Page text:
No one can ever accuse the Stanford Cardinal football program of ducking anyone. They went and opened the season with San Diego State, one of the best mid-major programs in the country. They go to Notre Dame next week. That’s in addition to the nine-game Pac-12 schedule that’s already had a game with USC and has a road trip to Oregon on the docket for this Saturday night. And if we look out into October and beyond? Merely road trips to resurgent Arizona State and conference favorite Washington. It’s worth wondering if Stanford can even survive, much less thrive.
So far, so good. The Cardinal are 3-0. They’re 17-10 win over San Diego State was obscured by a national media’s hyperfocus on the fact that Heisman hopeful Bryce Love only rushed for 29 yards. That’s a case of the media not realizing how good the Aztecs are and how much credit Stanford deserved for taking them on right out of the gate. Love was back to being himself in a 136-yard outing against USC, an impressive 17-3 win.
That win got the Cards into the national Top 10 and gave them a more impressive early-season resume than anyone this side of LSU. But now the real work begins.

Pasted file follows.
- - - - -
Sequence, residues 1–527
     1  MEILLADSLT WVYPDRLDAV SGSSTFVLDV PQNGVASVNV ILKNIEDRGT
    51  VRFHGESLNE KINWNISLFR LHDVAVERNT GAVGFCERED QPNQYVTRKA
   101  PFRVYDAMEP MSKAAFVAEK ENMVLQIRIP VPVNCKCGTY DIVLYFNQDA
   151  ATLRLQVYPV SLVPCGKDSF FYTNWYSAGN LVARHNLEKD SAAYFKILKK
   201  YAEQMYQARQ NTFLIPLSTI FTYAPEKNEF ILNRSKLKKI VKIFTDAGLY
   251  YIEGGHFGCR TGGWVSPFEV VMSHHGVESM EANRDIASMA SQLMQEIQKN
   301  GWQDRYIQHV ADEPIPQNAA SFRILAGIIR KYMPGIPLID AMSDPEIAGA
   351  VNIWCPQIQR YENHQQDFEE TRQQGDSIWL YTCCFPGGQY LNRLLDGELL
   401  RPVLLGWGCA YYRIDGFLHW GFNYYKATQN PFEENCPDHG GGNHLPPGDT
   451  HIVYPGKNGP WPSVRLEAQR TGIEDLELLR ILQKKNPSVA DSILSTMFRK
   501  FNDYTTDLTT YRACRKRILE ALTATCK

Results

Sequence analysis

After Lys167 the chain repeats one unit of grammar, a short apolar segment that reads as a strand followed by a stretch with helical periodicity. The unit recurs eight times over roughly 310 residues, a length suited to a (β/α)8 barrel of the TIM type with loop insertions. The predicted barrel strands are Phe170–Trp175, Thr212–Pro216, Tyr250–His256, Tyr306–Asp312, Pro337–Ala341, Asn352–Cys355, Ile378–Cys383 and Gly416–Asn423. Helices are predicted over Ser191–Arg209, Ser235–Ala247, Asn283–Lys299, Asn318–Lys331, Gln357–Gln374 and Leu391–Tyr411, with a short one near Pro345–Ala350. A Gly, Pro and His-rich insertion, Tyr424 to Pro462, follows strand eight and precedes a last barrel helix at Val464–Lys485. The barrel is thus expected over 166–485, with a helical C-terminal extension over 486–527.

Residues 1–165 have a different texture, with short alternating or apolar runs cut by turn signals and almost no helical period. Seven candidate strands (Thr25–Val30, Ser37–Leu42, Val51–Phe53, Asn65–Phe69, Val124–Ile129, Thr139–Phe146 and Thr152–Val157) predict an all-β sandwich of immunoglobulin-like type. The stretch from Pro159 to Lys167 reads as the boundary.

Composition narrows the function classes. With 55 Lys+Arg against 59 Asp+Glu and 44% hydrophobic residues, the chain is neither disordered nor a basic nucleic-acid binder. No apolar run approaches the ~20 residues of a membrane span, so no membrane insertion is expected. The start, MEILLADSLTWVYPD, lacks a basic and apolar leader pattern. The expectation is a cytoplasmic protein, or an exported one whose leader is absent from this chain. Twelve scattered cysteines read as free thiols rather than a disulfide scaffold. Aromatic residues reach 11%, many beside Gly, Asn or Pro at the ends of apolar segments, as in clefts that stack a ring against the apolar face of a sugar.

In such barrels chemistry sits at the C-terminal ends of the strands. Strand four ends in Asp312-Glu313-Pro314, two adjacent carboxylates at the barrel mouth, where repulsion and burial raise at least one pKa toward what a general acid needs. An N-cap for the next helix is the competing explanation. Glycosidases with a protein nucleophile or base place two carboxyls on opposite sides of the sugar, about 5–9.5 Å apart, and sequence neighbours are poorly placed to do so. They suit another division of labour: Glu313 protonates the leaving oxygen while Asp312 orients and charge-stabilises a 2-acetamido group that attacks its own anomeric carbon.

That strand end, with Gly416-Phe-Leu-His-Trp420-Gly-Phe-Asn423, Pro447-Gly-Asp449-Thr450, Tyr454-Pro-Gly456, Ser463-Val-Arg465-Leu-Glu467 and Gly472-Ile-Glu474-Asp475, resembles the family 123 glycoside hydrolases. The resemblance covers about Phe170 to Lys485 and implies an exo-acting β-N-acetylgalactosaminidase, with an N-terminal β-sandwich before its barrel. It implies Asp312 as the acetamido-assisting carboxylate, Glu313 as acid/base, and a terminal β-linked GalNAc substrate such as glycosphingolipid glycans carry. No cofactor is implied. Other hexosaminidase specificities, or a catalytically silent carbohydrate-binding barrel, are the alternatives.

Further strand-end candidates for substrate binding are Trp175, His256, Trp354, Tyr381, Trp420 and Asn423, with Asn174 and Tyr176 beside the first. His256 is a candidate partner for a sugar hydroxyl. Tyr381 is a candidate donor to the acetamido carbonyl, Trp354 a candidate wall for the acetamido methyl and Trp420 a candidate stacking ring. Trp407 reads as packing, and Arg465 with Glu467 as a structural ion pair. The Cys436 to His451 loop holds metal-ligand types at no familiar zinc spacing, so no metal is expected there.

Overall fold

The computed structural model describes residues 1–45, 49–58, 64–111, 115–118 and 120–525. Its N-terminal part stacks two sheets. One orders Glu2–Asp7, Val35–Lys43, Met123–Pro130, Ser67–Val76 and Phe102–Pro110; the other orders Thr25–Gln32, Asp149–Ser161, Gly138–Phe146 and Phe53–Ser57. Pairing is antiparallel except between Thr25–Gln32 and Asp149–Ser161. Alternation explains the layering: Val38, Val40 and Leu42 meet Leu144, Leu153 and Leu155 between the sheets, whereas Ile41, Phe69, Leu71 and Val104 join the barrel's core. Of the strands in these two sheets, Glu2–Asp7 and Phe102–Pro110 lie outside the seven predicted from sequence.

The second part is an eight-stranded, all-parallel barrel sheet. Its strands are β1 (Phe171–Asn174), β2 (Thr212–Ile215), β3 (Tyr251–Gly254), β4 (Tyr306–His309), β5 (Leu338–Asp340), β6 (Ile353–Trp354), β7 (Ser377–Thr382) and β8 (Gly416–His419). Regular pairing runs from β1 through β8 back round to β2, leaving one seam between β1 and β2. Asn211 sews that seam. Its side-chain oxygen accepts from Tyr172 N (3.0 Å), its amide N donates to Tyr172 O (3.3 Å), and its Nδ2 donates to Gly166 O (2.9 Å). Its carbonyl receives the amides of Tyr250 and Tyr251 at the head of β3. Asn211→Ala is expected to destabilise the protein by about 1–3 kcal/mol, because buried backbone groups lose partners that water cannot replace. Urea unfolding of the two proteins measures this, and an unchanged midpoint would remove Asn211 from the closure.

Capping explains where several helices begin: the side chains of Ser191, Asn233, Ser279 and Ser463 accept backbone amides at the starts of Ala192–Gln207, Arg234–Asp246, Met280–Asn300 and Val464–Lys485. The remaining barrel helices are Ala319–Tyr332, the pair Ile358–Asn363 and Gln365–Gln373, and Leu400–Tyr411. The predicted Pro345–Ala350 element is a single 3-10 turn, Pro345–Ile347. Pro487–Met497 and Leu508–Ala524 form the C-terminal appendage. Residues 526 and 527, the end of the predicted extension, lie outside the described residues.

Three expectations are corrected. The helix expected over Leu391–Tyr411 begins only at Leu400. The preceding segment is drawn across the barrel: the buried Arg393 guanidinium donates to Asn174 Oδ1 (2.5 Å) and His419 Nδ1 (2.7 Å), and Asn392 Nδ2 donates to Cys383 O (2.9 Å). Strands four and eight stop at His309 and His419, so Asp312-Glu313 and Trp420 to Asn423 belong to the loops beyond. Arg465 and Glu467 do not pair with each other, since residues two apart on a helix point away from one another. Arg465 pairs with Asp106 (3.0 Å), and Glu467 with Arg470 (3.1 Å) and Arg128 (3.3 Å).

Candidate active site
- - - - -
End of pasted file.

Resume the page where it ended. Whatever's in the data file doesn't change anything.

Stanford, under head coach David Shaw, has become a team that I pull for every year because I like their physical style of play, along with the kind of smart football you would expect from this university. But it seems to me, almost unthinkable, that they could post the 11-1 record it will take to be a Playoff hopeful against this type of schedule. Even the 10-2 or 9-3 it will take to get into one of the big New Year’s Six bowls is going to take a herculean effort.
The biggest reason for concern is on defense. The Cardinal is in the midst of rebuilding both their defensive front and their secondary. And this is not a “reload” program. Stanford recruits well enough, given that they actually take academics seriously. They recruit on a par with Pac-12 North rivals Washington and Oregon. But is it so good that Stanford can just replenish and rip off a big year against a brutal schedule? That’s what I’m not seeing.
And if the media is going to pick apart all of Love’s games the way they did the San Diego State one, they are likely to find ammunition. A good college defense can usually at least contain a running back if they’re allowed to focus all their energies on him. Can quarterback K.J. Costello open up the field enough to give Love room to maneuver? Hopes for this rest on his rapport with big-play receiver JJ Arcega-Whiteside. It’s possible, but we haven’t seen it yet.
I hope I’m wrong and take heart in the fact that I often am. But when I look at Stanford, I’m seeing an easy-to-admire team that loses three or four games against this type of schedule rather than a bona fide contender for the College Football Playoff.